|June 18, 1966 - Worthington Daily Globe|
|Another frame of the albino robin|
In the summer of 1966 Jim (at age 20) worked at the Worthington Daily Globe as a photographer and route driver delivering bundles of newspapers to the carriers in surrounding communities. The above newspaper on June 18, 1966 was his first front page feature where he made the photograph and wrote the accompanying story.
*On a sad personal note, the article featured just below the albino robin story is about a 12-year-old girl that was killed in an automobile accident the day before. The little girl was Jim's cousin, Jackie Aanenson.
The photo caption in newspaper read:
A nest of May-hatched robins, at the home of Mr. and Mrs. Chris Heppler of Harris, Iowa, had one unusual occupant--a pure albino. It is pictured here just as it leaves the nest with a mate to try its new white feathers for the first time. The Hepplers found the unusual bird dead of causes two days after this picture was taken. (Daily Globe color photo by Jim Brandenburg)
The accompanying text:
Rare Albino Robin is Hatched In Nest in Nearby Harris
By JIM BRANDENBURG Globe Staff Writer
One of nature's rarest phenomena, albinism, has shown up in the small northwest Iowa community of Harris. Four young robins occupied a nest this spring at the residence of Mr. and Mrs. Chris Heppler. All of the young robins, born in May, were normal except one, a pure albino.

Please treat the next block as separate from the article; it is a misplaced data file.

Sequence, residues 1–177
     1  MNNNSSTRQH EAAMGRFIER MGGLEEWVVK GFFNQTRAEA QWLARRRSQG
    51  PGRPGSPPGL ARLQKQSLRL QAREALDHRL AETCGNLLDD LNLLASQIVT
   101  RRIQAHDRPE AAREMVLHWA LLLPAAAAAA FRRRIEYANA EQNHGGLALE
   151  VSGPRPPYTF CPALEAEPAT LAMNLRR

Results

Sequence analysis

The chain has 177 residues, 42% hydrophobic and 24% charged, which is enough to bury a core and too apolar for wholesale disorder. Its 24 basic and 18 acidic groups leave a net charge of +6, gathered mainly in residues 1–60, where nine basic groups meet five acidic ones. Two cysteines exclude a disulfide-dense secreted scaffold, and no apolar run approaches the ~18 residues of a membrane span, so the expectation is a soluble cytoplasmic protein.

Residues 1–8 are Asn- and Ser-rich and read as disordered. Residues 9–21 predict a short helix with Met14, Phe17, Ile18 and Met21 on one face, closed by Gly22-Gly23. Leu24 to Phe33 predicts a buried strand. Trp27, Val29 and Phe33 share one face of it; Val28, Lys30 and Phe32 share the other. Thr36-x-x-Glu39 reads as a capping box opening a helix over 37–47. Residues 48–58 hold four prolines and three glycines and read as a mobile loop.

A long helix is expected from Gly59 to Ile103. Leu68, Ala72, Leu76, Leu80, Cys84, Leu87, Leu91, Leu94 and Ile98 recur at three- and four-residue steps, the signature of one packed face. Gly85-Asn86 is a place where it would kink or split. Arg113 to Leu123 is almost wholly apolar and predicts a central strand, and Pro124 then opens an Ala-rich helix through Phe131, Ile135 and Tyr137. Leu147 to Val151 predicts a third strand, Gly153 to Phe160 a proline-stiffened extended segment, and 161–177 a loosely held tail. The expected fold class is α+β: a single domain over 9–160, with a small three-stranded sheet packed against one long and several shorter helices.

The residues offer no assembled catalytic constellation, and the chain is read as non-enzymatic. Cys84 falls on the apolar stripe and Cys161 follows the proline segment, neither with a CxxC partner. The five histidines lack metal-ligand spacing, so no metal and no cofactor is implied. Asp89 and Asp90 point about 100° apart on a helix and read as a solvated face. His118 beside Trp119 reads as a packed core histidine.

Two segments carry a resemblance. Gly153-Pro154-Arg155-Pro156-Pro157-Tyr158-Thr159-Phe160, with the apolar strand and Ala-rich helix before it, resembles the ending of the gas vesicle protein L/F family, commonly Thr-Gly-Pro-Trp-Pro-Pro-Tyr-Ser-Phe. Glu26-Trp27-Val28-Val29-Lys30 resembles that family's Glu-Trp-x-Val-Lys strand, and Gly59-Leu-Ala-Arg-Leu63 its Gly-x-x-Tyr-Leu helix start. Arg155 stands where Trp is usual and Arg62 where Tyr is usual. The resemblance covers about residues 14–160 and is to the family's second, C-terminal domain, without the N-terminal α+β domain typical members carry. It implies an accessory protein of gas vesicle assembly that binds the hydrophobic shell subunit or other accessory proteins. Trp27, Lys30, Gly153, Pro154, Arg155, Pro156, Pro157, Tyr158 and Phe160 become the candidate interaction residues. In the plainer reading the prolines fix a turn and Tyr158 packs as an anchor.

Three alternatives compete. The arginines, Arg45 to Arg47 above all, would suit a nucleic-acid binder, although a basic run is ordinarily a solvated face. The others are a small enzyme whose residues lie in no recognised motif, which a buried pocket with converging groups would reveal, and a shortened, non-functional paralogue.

The mother robin accepted the strange looking youngster, and gave it the same care and attention as the normal ones. Despite all of this care, the young albino died two days after picture above was taken.
The Hepplers observed the family of birds from the time the nest was built until the youngsters left the nest. They noted that the albino was the last to be hatched. For this reason the albino was the weakest of the four fledglings and probably accounted for its early death.
The nest was constructed near the kitchen window in a nesting box built by Mr. Heppler. The Hepplers, without the robins seeing them, could watch every activity of the unusual family.
Although albinism is more frequent in the robin than in other species, the odds against such a happening still run high. One albino in 100,000 birds is expected, but in the robin one may find one in 60,000. With these odds, very few people are fortunate enough to catch a glimpse of one of these freaks of nature in the wild state.
An albino's life is doomed.
Many dangers await the unsuspecting animal and its chances for survival are almost as high as are the chances for albinism to occur. With the animal’s natural coat, it blends into its surroundings and is hidden from its natural enemies. But in the case of the albino, there is such a marked difference in the animal to its cover that any predator has an easy job spotting it. Likewise, the albino has a disadvantage in seeing the oncoming danger due to the characteristic poorer eyesight of the individual.
One advantage the albino animal does have is in winter. With the ground completely white, it blends in perfectly. But with the migrational habits of the robin, only rarely would it find itself in such a situation.
Man could have been the robin's worst danger. With such a rare occurrence and such striking plumage the bird would have been a much sought after specimen in the eyes of the collector. News of an albino travels fast and interested people would soon be hunting for it.
Even with all the efforts of the Hepplers to give the rare robin a start by guarding the nest from danger, it died of unknown causes soon after leaving the nest. With all the perils in the life of an albino, the young and inexperienced robin would have had a difficult time surviving in the ruthless world of nature.